The Space Between Our Words

In The Art of Travel Fall 2017, 2. Communicating, Prague by AliceLeave a Comment

Languages are such cunning crafts of culture. They weave into your life and become invisible, discreet. They fuse into your life in ways that you can’t really understand until you leave them and take rest on a foreign shore. One can never really know how much one takes for granted until the sounds and symbols of an unfamiliar place robs one of one’s senses, rendering one dumb and flailing with the simplest tasks.

Even in a world so globalized, so catered and adapted to foreign tourists, with access to translation tools and language learning apps so easy and undemanding, it can be difficult finding your own languages ranked subordinate to others, if not completely outside the realm of concern. When information no longer comes instinctively at a single glance, we begin to realize our own ignorance. We are forced to pay more attention, slow down, and confront the fact that we are all stupid under the right circumstances.

For me, this was the first time entering a country where I had almost zero experience with its language. My ears were not accustomed to its Slavic cadence, my tongue struggled to wrap itself around the consonants that were packed so closely together, and my eyes could not find familiar roots in the words to hint at any semblance of meaning. As someone who loves learning new languages and has dedicated a good amount time to understanding the ones I encounter, this was equal parts exciting and terrifying. I wanted so badly to know the structure of the language, learn the alphabet and its spelling rules, go beyond the simple repetition of common phrases and understand their construction. Rather than memorizing basic vocabulary, I wanted to soak in the language until I could differentiate its separate components and tones and implications, until the intent behind the words floated to the surface even if the details had to fall a little bit behind. But I could not find a foothold to lodge my first step. It was all too abstruse for a Mandarin/English speaker like me, though those two languages had aided me greatly in my language-learning so far.

It was dreadful and intimidating, but it was what I had chosen, what I need to make myself encounter before I could grow.

Fortunately or unfortunately, most people here speak English. It perhaps makes things a little too comfortable for me, although it gives me more time to focus on the particularities of the culture itself, on the food here, the way things function and the way people interact. But there’s still plenty of moments when you can hear the awkwardness in the local’s English, where you know the language has prevented their true meaning from coming through, or when it negates their desire to communicate. It becomes daunting to talk to people when you cannot decipher if their frustration is directed at themselves, the language or you. Your heightened awareness of non-linguistic cues also leave you paranoid that you’ve done or said something wrong. It is the space between the words and their intent where we reside, clear on neither and struggling to connect them.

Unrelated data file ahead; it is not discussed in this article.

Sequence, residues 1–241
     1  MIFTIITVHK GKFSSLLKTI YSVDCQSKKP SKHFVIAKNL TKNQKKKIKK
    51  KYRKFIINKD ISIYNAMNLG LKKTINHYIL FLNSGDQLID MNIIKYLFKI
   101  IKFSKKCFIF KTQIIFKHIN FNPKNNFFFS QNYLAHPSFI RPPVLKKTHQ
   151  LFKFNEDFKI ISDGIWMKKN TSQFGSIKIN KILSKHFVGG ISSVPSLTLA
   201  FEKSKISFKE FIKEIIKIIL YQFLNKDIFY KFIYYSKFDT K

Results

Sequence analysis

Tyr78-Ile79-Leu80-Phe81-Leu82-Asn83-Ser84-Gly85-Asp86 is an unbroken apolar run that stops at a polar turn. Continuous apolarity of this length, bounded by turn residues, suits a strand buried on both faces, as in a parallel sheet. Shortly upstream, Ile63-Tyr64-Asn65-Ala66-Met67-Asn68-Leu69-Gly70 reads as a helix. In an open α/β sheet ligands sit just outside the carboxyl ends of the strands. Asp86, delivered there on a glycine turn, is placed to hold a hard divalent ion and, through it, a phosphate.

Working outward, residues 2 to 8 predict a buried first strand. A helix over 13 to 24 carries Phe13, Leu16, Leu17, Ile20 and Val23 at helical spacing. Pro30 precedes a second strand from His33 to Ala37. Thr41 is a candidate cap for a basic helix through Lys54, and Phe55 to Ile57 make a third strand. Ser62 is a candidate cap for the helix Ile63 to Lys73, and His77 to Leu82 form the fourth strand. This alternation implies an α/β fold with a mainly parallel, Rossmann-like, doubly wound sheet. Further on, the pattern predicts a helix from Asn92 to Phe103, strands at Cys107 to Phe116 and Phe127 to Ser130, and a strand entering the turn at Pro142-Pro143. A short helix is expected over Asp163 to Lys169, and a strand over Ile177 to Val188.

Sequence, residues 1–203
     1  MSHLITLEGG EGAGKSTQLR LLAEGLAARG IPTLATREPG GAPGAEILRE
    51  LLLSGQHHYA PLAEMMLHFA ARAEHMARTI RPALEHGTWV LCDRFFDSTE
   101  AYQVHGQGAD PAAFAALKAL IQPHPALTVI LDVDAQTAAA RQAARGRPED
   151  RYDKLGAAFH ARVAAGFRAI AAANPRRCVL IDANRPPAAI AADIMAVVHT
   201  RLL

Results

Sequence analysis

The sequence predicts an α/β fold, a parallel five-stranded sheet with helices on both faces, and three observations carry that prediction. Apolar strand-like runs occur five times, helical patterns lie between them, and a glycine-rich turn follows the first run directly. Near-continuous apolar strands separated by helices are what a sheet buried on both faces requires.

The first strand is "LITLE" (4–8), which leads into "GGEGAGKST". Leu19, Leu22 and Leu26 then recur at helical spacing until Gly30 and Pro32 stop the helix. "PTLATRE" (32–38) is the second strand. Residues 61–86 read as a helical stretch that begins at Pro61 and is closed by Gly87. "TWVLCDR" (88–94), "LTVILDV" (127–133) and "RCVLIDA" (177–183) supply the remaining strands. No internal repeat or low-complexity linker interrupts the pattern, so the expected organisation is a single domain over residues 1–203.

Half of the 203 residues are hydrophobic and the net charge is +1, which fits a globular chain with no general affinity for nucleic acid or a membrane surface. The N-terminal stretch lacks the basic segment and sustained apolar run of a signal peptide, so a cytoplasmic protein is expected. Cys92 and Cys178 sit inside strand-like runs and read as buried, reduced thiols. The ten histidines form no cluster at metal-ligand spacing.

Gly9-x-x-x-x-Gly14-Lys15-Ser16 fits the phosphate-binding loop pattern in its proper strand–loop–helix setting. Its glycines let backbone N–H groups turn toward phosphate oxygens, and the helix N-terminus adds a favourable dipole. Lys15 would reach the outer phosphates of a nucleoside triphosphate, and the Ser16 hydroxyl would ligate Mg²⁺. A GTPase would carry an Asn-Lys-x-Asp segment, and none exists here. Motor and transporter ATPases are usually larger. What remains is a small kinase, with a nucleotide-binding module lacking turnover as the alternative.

But speaking English with the locals doesn’t eliminate one’s encounters with the Czech language. Navigating this city involves reading signs, learning names of places and streets and directions that all sound the same at first. To the untrained ear, words blend together into a jumble of sounds and our brains cannot figure out which syllables to grasp. Then, before we know it, the words have dissipated into the air and we haven’t heard a single thing.

The first time I got directions from a local in Prague was when I was trying to buy a local SIM card, and the shop assistant told me I needed to unlock my phone at this place somewhere down the street. Even after I went back to him a second time and he drew me this map, I still did not fully understand what he had said, even though he’d been speaking in English. Perhaps it was the street names and his accent that threw me off. The English blended into the Czech and became indistinguishable. Fortunately, I did not need to go to that place at the end. If I did, I’m sure I would have gotten lost.

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